Americans aren’t saving enough for retirement, especially the aging baby-boom generation. It’s a message we hear over and over, and the data are disconcerting. The Federal Reserve’s 2010 Survey of Consumer Finances puts the median balance in 401(k)s/IRAs for households nearing retirement at $120,000. The Employee Benefit Research Institute (EBRI) notes that 60 percent of workers 55 and older have less than $100,000 set aside for retirement. Blue chip consulting firm McKinsey calculates that two-thirds of boomers don’t have enough savings to maintain their pre-retirement standard of living once they’ve waved goodbye to their colleagues for the last time.
Numbers like these help illuminate why the Obama administration’s proposal to cap retirement savings in 401(k)s, IRAs, and similar tax-sheltered accounts isn’t going over well. The cap would also apply to traditional defined benefit pension plans as well. “As business owners reach the cap, they will lose their incentive to maintain a plan, and either shut it down or greatly reduce benefits,” responded Brian Graff, chief executive officer of the American Society of Pension Professionals and Actuaries, in a statement. The Wall Street Journal editorial page scoffed at the cap with this headline: “Now He’s After Your 401(k).” At a hearing, Senator Ben Cardin (D-Md.) questioned U.S. Treasury Secretary Jacob Lew whether the contribution limit would “make it more difficult for people to put money away for retirement.”
Briefly, the administration proposes in its 2014 budget to raise $9 billion by preventing individuals from accumulating more than $3 million in tax-sheltered retirement savings. The $3 million isn’t a hard dollar figure, however. The actual limit is defined by the amount of money that would finance an annuity of $205,000 a year in retirement (about $3 million currently) starting at age 62. EBRI estimates (PDF) that at the end of 2011, taking into account combined IRA and 401(k) balances for individuals age 60 or older in its database, 0.107 percent of these individuals had balances totaling $3 million and above. Of course, people with such large sums could continue to save. They just wouldn’t be able to use pretax dollars.
At first glance, considering the real problem with retirement savings is that most workers haven’t stashed anywhere near enough for old age, the proposal seems to be much ado about nothing (or at least very little). On reflection, the flaws in the idea are glaring. For one thing, the retirement savings cap adds yet one more layer of complexity to a tax code already riddled with too many income and wealth phase-ins and phaseouts, deductions, and credits. For another, $9 billion is a piddling amount of money considering the size of the federal deficit and debt.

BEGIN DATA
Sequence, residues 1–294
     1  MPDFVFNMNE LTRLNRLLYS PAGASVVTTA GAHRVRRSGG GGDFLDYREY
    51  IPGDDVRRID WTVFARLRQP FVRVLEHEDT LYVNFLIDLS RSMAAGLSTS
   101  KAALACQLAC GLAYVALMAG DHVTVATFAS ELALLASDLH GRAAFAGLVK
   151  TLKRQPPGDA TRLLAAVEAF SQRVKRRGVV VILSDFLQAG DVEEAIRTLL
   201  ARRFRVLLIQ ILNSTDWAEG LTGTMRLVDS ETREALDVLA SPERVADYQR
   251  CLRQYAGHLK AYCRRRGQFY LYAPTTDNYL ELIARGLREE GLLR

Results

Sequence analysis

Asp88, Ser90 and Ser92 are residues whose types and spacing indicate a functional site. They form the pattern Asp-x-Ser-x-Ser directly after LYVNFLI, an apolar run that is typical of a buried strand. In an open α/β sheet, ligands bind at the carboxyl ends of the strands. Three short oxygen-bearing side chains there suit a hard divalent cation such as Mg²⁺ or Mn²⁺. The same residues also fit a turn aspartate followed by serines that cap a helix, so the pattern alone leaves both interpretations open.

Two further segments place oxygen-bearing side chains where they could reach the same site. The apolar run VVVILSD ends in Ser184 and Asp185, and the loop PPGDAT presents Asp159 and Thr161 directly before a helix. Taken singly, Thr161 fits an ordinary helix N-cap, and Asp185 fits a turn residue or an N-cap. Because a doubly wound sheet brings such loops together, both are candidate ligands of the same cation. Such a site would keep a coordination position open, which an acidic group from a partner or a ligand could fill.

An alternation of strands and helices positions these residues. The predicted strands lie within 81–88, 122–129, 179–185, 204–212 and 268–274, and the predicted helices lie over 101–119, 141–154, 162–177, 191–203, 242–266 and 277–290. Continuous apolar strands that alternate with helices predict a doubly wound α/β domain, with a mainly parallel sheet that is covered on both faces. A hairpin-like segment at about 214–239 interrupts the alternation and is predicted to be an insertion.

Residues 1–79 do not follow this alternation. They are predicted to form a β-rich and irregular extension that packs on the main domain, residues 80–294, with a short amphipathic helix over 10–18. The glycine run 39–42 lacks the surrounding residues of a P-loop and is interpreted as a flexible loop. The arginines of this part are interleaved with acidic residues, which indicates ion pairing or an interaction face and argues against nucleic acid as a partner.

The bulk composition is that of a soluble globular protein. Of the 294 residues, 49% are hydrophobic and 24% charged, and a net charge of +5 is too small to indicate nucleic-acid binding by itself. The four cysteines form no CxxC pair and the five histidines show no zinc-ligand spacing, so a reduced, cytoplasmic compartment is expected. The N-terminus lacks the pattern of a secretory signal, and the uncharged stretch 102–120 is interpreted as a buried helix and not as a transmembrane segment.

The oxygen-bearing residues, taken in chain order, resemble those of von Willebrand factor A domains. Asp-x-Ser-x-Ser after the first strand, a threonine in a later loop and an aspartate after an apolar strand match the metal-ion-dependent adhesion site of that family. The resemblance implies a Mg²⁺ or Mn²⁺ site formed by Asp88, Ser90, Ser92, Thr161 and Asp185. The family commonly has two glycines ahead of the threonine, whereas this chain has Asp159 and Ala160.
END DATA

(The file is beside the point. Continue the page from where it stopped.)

How about this idea instead: Repeal the tax break associated with 401(k)s, IRAs, and similar tax-sheltered plans. Substitute automatic enrollment for the subsidies. Eliminating the subsidy would boost the government’s budget by some $100 billion a year. Daniel Shaviro, a professor of taxation at New York University Law School, laid out the logic in a blog post and subsequent conversation:
“First, making pension contributions the default setting, and thus requiring employees to opt out if they’d rather get cash today, has much bigger behavioral effects than giving tax benefits to retirement setting. Second, this makes both them and everyone else better off. Third, we could change the default, repeal the tax benefits for pension contributions, and get more retirement saving while also saving $100 billion per year, from the budgetary effects of repealing the tax benefits.”
Recent economic research strongly supports the policy shift. The main beneficiary of the different approach would be average workers. Take the suggestive insights from the research brief Subsidies vs. Nudges: Which Policies Increase Savings the Most? A handful of American and Danish scholars tapped into rich Danish databases to weigh the relative effectiveness of subsidies vs. automatic enrollment (PDF). (Among the American scholars was Raj Chetty, an economist at Harvard University, who was recently awarded the 2013 John Bates Clark Medal, second only to the Nobel prize.) They tracked the wealth and savings of more than 4 million individuals from 1994 to 2009. Among their findings: People who respond to subsidies—tax incentives—are already active savers. They’re the sort that rationally plan for old age. They tend to be better off. Automatic enrollment boosts the participation of “passive savers,” everyday workers who find it hard to set money aside for three decades from now. The evidence suggests passive savers with automatic enrollment reduce consumption rather than preserve their spending power by borrowing more.
Compared with tax subsidies, the scholars conclude, “automatic enrollment or default policies could increase household savings much more, at a lower cost to the government, because defaults are far more effective at increasing the savings of passive savers.” With time, the Fed, EBRI, McKinsey, and others would report far healthier retirement savings accounts for the median and average employee. And maybe everyone could relax a bit about the retirement prospects of an aging population.